The main goal of the Modern Art Center (MMC) is to assemble a broad, representative collection of Lithuanian art created from the 1950s to the present day. While each work in the MAC collection is interesting and valuable in its own right, each piece can be viewed in a new light when we learn more about the context in which it was created and the overall history of art in which each work plays a part.
 
The Cultural History project was born out of a desire to learn more about this context: the connections between each piece of art, the relationships shared by the artists, and the changes in and styles, and trends of our conception of art. After all, art does not appear out of a vacuum—it is surrounded by political and economic context, and within culture itself different aspects of life intertwine with and influence each other. People and ideas meet, separate, and change, each impacting the other. In order to better understand cultural development and to grasp general (or contradicting) trends, we invited contributions from specialists in various cultural fields (read more about the authors). Their published articles, and those still being written, join with a constantly updated catalogue of visual materials on the Cultural History website into one polyphonic archive of knowledge.
 
With his or her contribution, each author expresses their own individual experience and subjective view, therefore this cultural history is not, and cannot be, uniform or objective. It is rather more reminiscent of a colorful kaleidoscope, radiating not only events, facts, dates, names, or works of art, but also varying artistic interpretations that emerge from today’s perspective.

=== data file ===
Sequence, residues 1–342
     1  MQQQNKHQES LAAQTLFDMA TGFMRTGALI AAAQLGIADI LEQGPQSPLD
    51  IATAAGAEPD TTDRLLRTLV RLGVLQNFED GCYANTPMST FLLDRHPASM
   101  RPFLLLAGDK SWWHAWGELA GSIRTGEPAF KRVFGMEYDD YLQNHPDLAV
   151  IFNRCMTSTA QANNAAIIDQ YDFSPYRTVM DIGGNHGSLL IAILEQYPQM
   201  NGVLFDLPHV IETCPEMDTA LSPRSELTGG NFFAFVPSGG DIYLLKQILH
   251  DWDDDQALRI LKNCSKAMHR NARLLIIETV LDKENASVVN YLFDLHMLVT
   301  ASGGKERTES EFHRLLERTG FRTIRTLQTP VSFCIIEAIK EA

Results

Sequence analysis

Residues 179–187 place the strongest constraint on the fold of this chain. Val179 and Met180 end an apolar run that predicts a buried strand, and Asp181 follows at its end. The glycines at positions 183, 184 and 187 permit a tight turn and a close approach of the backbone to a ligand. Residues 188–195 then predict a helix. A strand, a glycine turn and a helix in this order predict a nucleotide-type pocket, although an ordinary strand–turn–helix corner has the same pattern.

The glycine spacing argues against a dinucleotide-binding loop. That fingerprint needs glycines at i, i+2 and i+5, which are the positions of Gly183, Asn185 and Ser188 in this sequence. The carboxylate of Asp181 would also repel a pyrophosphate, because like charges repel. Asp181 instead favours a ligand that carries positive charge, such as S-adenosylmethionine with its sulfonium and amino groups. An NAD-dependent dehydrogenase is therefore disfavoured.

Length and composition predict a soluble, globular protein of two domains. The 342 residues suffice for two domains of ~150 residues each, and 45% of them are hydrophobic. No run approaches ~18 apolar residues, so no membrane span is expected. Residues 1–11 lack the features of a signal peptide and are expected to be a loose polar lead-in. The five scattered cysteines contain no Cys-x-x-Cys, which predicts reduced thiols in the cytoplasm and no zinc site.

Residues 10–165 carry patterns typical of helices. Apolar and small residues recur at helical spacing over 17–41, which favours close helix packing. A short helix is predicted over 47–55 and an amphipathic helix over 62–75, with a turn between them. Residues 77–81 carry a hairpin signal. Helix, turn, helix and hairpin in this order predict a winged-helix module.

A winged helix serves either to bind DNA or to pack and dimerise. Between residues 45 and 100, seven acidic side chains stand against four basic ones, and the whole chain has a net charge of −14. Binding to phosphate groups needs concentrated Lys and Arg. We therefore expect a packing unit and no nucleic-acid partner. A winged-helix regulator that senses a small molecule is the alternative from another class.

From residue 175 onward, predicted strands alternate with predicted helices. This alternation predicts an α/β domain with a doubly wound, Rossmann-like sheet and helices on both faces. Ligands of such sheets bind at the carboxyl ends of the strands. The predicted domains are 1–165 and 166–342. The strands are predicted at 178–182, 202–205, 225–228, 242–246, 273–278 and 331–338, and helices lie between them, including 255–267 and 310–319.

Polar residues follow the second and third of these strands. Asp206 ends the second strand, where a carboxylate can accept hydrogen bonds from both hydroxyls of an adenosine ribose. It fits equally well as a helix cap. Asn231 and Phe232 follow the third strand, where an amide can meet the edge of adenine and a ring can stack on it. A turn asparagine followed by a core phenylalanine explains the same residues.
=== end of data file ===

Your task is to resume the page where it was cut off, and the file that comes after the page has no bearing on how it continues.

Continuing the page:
The site will review 10 cultural fields: the fine arts, applied art, design, literature, theatre, set design, dance, architecture, photography, and cinema. Each field will be discussed individually, allowing the reader to explore the interconnections and differences between them on his or her own.
 
The section on the fine arts is closely associated with the MMC’s own collection. Here you'll find many works mentioned by the authors that are now part of the MMC collection. The principle text in this section is divided according to the different branches of the visual arts, reviewing the development of painting, graphic art, and the new art of the late 20th century. All other fields are first examined by time period, with several or more themes explored within these period sections. Texts are usually succinct articles that aim to give a general overview of a given period, though some phenomena, events, works of art, or individuals may be explored in greater depth. The main project text includes many references and links to these more comprehensive articles. Over time, we hope to add to the number of such links.
 
Currently, the Cultural History website features only a portion of these articles. Others are still being prepared for publication and will be added to the Cultural History in the future. 
 

How to navigate the site

 
The blue menu bar on the left side of your screen shows all of the subjects that can be explored in greater depth by clicking on a drop-down menu of additional articles. This main menu will always show the location of the currently open article within the overall structure of the site. By selecting specific time periods and subjects you can compare different processes taking place concurrently in different fields, exploring their interrelationships and contradictions.